Former Anthrax Attack Suspect Asks Federal Appeals Court to Rule Him Non-Public Figure in Libel Case

A former Army scientist once identified as a "person of interest" in the deadly 2001 anthrax attacks shouldn't be considered a public figure in his libel lawsuit against The New York Times, his lawyer argued Friday before a federal appeals court.

Steven J. Hatfill said a series of columns in The Times falsely implicated him as the culprit in the anthrax deaths. No one has been charged.

In a ruling last year, U.S. District Judge Claude M. Hilton said Hatfill could be considered a public figure, making it more difficult to win a judgment, because he had been part of the national debate about bioterrorism years before the anthrax attacks.

Hatfill had occasionally been quoted as an expert in the media, and even once donned a chemical suit for a magazine photo.

Hatfill, who worked at the Army's infectious diseases laboratory from 1997 to 1999, was publicly identified as "a person of interest" in the investigation by then-Attorney General John Ashcroft.

Hatfill's attorney told a three-judge panel of the 4th U.S. Circuit Court of Appeals on Friday that Hatfill hadn't injected himself into the debate following the 2001 incidents.

"There's simply no thrusting by Dr. Hatfill," Christopher Wright told the court.

But Times lawyer Lee Levine said Hatfill for years was speaking out about how easy it was "to cook up" anthrax or the plague in his kitchen, qualifying him as a public figure.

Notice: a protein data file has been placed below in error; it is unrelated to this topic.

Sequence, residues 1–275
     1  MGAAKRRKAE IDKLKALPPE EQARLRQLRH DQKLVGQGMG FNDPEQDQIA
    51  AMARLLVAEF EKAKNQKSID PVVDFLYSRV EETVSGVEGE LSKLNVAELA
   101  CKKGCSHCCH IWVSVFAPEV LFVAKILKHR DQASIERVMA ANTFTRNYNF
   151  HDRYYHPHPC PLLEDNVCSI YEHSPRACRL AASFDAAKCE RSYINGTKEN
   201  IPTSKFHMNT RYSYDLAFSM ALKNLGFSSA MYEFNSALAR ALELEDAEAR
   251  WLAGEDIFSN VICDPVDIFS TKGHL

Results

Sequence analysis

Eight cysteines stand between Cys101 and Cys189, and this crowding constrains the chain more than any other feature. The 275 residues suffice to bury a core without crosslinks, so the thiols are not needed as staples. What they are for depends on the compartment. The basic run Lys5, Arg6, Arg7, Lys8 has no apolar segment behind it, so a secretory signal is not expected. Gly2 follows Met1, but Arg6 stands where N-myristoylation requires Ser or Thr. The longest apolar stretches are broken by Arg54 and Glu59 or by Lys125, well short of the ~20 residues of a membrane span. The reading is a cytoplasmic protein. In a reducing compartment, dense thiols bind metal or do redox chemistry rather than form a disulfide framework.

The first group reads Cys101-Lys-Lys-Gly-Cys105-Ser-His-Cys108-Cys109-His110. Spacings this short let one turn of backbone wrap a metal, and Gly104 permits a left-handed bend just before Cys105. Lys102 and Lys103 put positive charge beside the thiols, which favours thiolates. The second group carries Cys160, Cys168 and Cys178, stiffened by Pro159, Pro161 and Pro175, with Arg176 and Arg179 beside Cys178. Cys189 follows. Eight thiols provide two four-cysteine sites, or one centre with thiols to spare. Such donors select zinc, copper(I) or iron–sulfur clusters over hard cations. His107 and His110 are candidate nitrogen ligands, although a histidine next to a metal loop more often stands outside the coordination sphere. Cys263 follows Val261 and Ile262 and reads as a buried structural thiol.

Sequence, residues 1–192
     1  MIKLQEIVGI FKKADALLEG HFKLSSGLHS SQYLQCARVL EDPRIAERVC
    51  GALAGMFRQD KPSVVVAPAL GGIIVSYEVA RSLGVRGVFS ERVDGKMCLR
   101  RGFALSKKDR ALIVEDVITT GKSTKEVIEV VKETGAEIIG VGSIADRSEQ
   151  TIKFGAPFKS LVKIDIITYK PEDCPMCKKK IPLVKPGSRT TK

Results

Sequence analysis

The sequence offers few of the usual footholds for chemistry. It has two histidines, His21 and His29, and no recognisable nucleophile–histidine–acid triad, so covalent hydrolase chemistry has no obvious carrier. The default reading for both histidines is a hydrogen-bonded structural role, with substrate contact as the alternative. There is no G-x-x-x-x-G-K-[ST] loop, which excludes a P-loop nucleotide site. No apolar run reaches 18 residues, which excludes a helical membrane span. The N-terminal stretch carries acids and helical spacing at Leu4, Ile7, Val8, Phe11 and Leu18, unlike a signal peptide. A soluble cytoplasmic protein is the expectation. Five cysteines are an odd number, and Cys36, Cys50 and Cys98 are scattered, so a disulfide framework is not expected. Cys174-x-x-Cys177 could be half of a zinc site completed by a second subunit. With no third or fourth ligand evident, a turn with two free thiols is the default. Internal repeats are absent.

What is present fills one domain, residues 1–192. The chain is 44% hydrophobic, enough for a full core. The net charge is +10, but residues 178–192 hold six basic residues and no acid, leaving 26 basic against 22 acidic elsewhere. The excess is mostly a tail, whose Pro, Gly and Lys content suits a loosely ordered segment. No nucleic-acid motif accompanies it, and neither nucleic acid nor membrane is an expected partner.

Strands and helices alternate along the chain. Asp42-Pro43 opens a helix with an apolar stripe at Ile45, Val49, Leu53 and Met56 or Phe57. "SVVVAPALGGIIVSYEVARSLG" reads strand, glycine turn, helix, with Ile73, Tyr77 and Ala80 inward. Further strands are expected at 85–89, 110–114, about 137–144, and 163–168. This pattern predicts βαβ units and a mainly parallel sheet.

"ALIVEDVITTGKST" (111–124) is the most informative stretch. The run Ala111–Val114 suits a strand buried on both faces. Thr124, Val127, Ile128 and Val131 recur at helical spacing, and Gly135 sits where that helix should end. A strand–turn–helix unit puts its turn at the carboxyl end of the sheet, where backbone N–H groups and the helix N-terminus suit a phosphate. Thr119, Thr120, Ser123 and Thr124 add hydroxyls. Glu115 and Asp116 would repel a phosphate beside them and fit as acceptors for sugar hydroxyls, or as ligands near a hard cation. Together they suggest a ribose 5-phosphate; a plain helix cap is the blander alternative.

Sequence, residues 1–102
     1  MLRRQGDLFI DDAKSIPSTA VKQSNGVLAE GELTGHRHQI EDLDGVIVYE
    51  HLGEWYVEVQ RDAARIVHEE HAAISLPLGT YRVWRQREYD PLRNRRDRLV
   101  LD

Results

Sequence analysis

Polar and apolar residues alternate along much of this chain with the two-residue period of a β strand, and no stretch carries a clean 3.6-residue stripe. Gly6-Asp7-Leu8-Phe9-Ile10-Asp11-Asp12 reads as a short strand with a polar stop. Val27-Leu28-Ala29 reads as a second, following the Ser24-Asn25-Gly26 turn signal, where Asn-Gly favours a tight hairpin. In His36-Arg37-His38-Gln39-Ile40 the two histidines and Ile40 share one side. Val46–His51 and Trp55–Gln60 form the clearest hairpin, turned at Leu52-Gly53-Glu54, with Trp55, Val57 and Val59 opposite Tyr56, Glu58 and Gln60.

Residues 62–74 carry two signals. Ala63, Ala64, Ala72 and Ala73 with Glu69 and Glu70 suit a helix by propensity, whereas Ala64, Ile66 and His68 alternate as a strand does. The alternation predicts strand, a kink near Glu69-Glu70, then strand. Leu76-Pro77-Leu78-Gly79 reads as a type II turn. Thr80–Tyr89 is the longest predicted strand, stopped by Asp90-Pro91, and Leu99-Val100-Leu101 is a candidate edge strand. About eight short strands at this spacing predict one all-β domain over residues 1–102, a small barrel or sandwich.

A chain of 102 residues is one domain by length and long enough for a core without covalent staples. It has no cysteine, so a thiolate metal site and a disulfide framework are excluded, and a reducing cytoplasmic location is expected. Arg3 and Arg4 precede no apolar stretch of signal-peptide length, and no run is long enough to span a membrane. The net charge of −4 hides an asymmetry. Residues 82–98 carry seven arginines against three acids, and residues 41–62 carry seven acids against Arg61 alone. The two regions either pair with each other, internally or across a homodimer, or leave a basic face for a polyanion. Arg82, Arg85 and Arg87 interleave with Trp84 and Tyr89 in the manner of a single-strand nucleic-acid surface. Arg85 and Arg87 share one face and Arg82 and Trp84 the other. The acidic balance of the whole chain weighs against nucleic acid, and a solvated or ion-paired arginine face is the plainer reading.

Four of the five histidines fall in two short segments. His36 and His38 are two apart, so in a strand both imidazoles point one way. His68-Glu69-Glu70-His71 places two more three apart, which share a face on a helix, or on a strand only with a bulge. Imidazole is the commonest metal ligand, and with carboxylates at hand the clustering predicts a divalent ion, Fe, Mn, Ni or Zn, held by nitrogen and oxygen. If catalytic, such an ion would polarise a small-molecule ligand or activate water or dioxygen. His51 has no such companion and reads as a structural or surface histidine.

Still Wright pointed to flaws in the reporting of columnist Nicholas Kristof, saying he didn't contact Hatfill because he believed Hatfill wasn't talking to the press.

"In the situation when you're making extremely damaging accusations ... he should have called him," Wright said.

Kristof has said he never intended to accuse Hatfill but simply wanted to prod what he saw as a dawdling FBI investigation.

He initially referred to Hatfill in his columns only as "Mr. Z," and identified him by name only after Hatfill held a news conference to denounce rumors that had been swirling around him.

Five people were killed and 17 sickened when anthrax was mailed to lawmakers on Capitol Hill and members of the news media in New York and Florida just weeks after the Sept. 11, 2001, terrorist attacks.